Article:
NASA's latest asteroid-chasing spacecraft, named Dawn, was launched in 2007 to explore the dwarf worlds Vesta and Ceres. But if you were aboard that spacecraft right now, you'd be getting a spectacular view of the planet Mars.
That's because, as I type this, Dawn is passing just 341 miles (549 km) from the Red Planet. During this brief encounter Mars's gravity will bend the craft's trajectory by 5° and boost its velocity by about 2,500 miles per hour (1.1 km per second). Had Dawn not encountered Mars en route to the asteroid belt, it would have needed to carry an additional 230 pounds of xenon to fuel its super-efficient ion-powered engines. That would have been too much to bring along, nixing the mission plans.
Mars does more than simply give Dawn a swift kick onward — it provides a handy calibration target for the craft's three scientific instruments: a visible-light camera, a visible and infrared mapping spectrometer, and a gamma-ray and neutron spectrometer nicknamed GRaND. (A press release about GRaND's activities is here.)
Because Dawn's approach path is on the dark side of Mars, the best tourist snapshots will come right after the flyby. (For a complete timeline of what happens when, read the interesting and informative online blog written by project manager Marc Raymond.)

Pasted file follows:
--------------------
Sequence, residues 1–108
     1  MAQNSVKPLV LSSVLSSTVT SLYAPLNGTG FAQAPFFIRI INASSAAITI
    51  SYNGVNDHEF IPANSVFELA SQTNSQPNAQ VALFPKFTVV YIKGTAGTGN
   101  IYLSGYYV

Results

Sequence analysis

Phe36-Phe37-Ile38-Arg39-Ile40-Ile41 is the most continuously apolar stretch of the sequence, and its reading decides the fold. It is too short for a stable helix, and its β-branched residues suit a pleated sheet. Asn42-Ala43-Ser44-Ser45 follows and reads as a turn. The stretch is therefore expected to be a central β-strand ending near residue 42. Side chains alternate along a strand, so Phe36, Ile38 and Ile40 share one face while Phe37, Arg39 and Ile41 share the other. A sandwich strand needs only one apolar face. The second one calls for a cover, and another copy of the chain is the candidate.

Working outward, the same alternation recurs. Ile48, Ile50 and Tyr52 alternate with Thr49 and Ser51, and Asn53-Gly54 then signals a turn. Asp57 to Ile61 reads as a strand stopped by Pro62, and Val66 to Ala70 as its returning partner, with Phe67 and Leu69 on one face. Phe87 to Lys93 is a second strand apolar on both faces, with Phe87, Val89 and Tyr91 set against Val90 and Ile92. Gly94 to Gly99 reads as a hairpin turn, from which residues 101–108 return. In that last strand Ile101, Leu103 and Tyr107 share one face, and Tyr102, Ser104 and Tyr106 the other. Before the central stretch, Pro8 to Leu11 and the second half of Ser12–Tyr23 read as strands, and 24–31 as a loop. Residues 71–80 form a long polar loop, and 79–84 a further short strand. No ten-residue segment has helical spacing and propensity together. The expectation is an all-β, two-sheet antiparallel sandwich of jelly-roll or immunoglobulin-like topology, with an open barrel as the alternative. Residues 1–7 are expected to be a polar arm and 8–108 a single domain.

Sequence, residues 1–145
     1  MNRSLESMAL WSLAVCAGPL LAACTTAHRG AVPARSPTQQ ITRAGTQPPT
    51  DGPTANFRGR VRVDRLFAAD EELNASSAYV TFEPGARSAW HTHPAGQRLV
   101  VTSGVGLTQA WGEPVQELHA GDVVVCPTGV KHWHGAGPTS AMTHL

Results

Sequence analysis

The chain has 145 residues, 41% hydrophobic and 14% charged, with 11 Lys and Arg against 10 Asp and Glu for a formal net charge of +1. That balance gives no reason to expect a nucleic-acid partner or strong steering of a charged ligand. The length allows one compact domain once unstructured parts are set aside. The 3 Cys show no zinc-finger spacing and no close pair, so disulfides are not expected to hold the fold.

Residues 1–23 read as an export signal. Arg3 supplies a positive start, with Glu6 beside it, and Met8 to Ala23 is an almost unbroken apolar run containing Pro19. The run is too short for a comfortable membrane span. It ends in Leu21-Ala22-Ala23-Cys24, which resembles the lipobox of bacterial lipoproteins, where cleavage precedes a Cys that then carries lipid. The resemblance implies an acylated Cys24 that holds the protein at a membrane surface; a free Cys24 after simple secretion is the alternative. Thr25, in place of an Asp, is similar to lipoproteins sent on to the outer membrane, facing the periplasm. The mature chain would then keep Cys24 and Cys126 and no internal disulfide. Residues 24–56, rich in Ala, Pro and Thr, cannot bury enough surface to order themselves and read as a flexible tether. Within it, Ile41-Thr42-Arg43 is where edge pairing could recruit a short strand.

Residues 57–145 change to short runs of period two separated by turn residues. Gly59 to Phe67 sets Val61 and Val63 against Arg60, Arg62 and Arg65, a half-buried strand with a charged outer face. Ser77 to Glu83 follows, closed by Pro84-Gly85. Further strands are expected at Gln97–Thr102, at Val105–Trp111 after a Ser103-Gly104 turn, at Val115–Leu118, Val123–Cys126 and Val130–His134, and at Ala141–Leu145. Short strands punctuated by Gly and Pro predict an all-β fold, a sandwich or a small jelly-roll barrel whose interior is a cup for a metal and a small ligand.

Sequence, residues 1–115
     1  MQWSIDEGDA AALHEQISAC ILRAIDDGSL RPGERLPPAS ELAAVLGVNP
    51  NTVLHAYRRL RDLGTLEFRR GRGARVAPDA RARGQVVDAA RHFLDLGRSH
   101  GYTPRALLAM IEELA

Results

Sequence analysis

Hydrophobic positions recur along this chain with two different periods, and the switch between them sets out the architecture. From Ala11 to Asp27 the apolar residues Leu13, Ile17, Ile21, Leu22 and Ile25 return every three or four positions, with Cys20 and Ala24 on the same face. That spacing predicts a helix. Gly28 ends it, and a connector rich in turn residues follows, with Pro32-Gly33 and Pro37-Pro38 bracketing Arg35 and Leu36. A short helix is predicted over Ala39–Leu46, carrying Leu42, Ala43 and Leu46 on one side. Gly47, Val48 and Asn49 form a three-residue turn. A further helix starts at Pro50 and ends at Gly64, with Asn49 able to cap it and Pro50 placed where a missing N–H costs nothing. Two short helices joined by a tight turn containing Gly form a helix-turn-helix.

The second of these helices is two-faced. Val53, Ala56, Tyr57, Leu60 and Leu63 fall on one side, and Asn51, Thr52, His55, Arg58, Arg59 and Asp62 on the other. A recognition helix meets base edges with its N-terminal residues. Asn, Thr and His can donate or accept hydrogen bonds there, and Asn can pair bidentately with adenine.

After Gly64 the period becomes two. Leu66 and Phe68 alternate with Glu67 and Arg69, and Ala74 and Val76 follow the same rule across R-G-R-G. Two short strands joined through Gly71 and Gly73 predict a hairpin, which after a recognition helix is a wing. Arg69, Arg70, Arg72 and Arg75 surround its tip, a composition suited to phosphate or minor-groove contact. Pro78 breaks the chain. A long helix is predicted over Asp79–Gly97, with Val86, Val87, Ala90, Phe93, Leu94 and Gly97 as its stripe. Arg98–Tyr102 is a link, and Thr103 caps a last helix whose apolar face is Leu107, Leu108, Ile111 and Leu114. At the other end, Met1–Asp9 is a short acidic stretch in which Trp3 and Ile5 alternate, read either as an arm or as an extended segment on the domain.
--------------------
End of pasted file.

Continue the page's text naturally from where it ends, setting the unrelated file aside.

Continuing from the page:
But don't expect to see images beamed to Earth right away. To pan across the planet's amazing ocher plains, eons-old craters, and other features, Dawn has had to pivot away from its alignment with Earth. It'll return to its normal cruise attitude and reestablish high-rate communication in a couple of days, when the pretty pictures will start streaming home.
Then, on February 20th, Dawn swings back to view Mars one more time. The planet will be distant and receding, but it'll give flight controllers a view similar to how Vesta will appear when the spacecraft nears Vesta in 2011. It reaches Ceres in 2015.